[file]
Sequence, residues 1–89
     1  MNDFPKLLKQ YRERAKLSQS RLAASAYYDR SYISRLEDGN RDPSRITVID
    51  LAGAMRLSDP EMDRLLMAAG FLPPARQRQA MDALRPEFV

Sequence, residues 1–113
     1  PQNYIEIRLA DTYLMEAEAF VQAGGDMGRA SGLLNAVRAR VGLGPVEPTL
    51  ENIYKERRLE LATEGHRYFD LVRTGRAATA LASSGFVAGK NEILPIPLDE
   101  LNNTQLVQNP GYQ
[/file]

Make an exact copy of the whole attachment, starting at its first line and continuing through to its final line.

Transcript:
Sequence, residues 1–89
     1  MNDFPKLLKQ YRERAKLSQS RLAASAYYDR SYISRLEDGN RDPSRITVID
    51  LAGAMRLSDP EMDRLLMAAG FLPPARQRQA MDALRPEFV

Sequence, residues 1–113
     1  PQNYIEIRLA DTYLMEAEAF VQAGGDMGRA SGLLNAVRAR VGLGPVEPTL
    51  ENIYKERRLE LATEGHRYFD LVRTGRAATA LASSGFVAGK NEILPIPLDE
   101  LNNTQLVQNP GYQ